Laser hair removal
Traditional methods for removing unwanted body hair include shaving, waxing, the application of depilatory cream and electrolysis. Depilation by laser is a relatively new technique. It helps not only those with normal hair growth, but also those with excessive hairiness of the body or face, a condition called hirsutism which causes considerable psychological distress.
Hirsutism affects approximately 10% of women between the ages of 18 and 35. In most cases there is no obvious cause but some patients may have a hormonal disturbance. Hirsutism may also be a feature of the menopause. Unwanted hair is a significant problem for transsexuals and transvestites, and many males with hair on their back dislike it intensely. Children with hairy moles of the face or lumbar spine area are often teased.
The hair grows in cycles, alternating between a growing phase (anagen) and a quiescent phase (telogen); catagen is the period of transition between the two.
Cells half way up the hair follicle are thought to be responsible for hair growth. The depilation laser delivers a particular wavelengh of laser light which targets the pigment in the hair. This light penetrates up to a millimetre beneath the skin where it is absorbed by the pigment in the part of the hair root which is important for growth.
Hairs come in a variety of thicknesses and colours according to the pigment they contain. Black and Laser light penetrates through the skin and is preferentially absorbed by the hair.
The stem cells responsible for hair growth are thought to be located at the attachment of the erector pili muscle to the brown hairs contain most pigment and are easiest to treat. Grey or blonde hair has little pigment and is unlikely to respond to treatment.
Treatment may be a little uncomfortable - it feels a little like an elastic band snapping against the skin - but some patients prefer to use local anaesthetic cream to numb the area first. Aloe vera gel may also be used during or after treatment for its cooling effect. Some lasers have a cooling system which reduces the discomfort of the treatment.
After treatment, the treated area may look red and feel warm and tender. This feeling goes after a couple of hours, but in a few patients, particularly those with dark skin, blistering and crusting of the skin sometimes occurs after laser treatment. Some hairs disappear at the treatment session; others, which initially look curled up or "frazzled" may take a few days to fall out.
Types of laser
A variety of laser systems are now available. Ruby lasers, Alexandrite lasers, Nd-YAG lasers and white light machines can all be used to remove hair with varying degrees of success. The size of the area covered by each pulse of laser energy varies with the machine used.
Initial reports of laser hair removal were extremely promising, and some research went so far as to claim that it may be permanent, but this is generally not the case. A few patients do not respond to the laser treatment at all but many will have good results. Regrowth is not only less dense but also less coarse. In the ideal patient, with dark hair and pale skin, the hair usually disappears for two to three months and then slowly regrows. Repeat treatment is usually required several times a year.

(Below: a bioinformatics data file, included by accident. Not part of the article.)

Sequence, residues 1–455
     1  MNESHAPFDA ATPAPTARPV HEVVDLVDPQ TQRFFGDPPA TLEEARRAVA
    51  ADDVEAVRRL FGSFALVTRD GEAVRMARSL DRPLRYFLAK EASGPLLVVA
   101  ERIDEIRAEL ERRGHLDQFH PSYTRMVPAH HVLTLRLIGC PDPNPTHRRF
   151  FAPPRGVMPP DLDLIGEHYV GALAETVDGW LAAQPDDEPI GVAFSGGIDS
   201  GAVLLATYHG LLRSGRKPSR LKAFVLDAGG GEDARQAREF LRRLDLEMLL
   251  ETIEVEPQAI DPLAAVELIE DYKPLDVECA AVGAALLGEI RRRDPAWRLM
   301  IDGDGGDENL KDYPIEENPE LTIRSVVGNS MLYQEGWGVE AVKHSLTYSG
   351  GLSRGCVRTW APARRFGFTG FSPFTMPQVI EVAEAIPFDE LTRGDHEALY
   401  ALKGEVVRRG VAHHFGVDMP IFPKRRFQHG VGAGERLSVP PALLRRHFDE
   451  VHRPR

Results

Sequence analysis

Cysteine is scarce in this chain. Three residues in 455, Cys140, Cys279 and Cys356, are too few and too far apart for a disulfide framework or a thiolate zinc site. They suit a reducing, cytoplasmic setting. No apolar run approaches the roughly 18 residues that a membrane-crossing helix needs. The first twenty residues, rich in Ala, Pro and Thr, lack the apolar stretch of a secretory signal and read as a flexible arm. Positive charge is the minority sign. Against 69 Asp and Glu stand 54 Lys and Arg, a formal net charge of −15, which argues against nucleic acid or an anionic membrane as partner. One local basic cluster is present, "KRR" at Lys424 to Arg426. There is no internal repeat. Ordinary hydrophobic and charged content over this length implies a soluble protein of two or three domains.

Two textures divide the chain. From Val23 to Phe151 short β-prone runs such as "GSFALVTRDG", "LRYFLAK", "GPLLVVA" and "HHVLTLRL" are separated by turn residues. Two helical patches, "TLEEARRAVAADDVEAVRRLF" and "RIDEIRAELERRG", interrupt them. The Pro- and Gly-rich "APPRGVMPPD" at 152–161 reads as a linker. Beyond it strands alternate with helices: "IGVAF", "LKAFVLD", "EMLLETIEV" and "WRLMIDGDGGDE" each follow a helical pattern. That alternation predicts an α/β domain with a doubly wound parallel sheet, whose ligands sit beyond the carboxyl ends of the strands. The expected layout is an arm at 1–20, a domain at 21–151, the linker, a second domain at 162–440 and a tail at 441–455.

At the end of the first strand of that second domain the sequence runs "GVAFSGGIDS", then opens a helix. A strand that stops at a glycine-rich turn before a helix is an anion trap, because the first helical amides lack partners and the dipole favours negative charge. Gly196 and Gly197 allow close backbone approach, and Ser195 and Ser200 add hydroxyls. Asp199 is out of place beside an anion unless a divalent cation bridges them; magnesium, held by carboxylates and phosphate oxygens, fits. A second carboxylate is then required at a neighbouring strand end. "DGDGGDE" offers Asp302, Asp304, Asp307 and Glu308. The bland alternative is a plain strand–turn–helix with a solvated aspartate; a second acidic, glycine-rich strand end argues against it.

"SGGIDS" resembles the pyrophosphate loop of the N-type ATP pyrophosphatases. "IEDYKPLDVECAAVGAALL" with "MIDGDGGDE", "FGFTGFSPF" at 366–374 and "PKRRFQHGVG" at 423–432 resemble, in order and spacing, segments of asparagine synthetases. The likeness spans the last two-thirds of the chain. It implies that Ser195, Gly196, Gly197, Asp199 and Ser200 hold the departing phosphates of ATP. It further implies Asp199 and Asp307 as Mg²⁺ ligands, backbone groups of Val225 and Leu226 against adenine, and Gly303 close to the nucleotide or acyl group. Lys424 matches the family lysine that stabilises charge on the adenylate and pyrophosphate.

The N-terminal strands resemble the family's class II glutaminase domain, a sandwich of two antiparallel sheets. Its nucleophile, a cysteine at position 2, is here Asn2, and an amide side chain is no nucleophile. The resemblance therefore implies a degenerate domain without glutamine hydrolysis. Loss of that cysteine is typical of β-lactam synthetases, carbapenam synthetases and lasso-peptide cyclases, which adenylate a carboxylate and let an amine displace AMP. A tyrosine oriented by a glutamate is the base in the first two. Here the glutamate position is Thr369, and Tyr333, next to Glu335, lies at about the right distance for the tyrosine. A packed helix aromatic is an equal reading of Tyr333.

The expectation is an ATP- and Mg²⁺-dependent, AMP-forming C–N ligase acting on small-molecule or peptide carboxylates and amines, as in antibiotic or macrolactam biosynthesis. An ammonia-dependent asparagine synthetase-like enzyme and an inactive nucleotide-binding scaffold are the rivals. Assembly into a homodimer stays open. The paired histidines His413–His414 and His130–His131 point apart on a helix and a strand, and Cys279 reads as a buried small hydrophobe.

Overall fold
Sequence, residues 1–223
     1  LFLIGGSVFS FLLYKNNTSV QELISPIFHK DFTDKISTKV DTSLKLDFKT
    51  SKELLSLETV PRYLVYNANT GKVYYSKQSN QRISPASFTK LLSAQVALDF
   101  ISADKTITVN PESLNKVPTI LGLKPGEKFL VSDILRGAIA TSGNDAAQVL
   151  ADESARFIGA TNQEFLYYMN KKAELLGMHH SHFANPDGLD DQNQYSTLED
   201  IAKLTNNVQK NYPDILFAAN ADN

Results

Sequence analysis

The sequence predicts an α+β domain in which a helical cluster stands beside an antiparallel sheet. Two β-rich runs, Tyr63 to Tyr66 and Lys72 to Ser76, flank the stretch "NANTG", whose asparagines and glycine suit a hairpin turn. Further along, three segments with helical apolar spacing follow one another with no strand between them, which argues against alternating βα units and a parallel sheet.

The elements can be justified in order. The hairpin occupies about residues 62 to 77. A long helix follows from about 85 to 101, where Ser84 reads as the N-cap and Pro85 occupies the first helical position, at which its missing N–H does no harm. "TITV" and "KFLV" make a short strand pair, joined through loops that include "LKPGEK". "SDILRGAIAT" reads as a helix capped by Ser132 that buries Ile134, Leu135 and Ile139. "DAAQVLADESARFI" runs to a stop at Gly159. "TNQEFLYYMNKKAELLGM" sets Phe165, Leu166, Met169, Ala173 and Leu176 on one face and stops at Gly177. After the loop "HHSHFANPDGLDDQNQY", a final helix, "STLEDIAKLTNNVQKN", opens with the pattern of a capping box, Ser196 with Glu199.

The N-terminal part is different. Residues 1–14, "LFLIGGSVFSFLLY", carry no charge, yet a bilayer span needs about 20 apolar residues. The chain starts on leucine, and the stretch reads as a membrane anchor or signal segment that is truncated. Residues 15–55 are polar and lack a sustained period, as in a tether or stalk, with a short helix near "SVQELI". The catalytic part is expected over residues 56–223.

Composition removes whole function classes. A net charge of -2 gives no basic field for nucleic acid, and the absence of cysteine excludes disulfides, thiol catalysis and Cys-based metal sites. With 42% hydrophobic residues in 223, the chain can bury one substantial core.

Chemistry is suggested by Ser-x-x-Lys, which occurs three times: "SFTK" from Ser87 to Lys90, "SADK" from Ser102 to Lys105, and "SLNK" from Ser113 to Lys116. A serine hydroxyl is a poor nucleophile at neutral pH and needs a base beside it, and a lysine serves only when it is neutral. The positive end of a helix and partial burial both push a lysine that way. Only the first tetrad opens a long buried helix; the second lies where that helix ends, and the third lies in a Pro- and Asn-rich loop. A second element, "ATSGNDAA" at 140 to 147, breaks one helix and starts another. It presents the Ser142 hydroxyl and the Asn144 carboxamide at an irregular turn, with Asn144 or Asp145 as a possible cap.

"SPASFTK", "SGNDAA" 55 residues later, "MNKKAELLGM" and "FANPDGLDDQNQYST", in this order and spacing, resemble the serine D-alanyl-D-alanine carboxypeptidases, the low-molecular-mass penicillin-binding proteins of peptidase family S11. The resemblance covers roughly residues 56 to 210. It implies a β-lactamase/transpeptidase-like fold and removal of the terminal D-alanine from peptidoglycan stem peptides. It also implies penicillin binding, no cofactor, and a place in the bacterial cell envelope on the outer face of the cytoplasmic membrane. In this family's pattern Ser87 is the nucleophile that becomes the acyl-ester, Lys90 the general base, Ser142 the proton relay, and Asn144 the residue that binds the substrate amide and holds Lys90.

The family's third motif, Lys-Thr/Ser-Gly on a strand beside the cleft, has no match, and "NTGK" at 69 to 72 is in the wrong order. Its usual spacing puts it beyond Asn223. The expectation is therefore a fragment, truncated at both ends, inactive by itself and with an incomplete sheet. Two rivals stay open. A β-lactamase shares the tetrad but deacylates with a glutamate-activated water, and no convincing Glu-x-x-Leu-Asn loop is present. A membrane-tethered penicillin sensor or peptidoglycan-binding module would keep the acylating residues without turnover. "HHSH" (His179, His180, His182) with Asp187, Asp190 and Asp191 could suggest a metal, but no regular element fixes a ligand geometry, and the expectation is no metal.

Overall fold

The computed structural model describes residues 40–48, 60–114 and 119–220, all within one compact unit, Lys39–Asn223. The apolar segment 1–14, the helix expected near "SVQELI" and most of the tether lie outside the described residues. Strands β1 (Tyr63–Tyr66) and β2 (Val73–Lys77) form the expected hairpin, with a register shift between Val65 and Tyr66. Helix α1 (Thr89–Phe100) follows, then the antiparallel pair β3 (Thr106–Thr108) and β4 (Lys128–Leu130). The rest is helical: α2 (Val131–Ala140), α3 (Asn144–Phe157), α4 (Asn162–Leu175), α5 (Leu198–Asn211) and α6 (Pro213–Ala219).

When laser treatment is carried out it is essential that all those within the treatment room, you and the staff, should wear protective goggles or glasses. Entry to the room is strictly controlled whilst treatment is being given.
Complications and problems
Laser light can damage the skins pigment and sometimes the treatment area may become unusually pale or dark several months after treatment. For this reason, it is always wise to carry out a small trial of treatment in an unobtrusive area before proceeding to extensive treatment. The test patch is examined six to eight weeks later for unwanted side effects and to carefully assess success before proceeding to further treatment. Special care is needed when treating patients with black or brown skin. The Nd-YAG laser may be most suitable for dark skins as it causes less skin damage. After treatment you should stay out of the sun as exposure of recently laser treated skin to strong sunshine may increase the risk of pigmentation problems.
At present many patients derive great benefit from laser hair removal, achieving hair free intervals of up to three months. Further research is likely to improve results in the future. Permanency, the gold standard of hair removal, seems to be some way off however.
This website is designed to supply useful information but is not to be regarded as advice specific to any particular case. It does not replace the need for a thorough consultation and all prospective patients should seek the advice of a suitably qualified medical practitioner. The BAAPS accepts no liability for any decision taken by the reader in respect of the treatment they decide to undertake.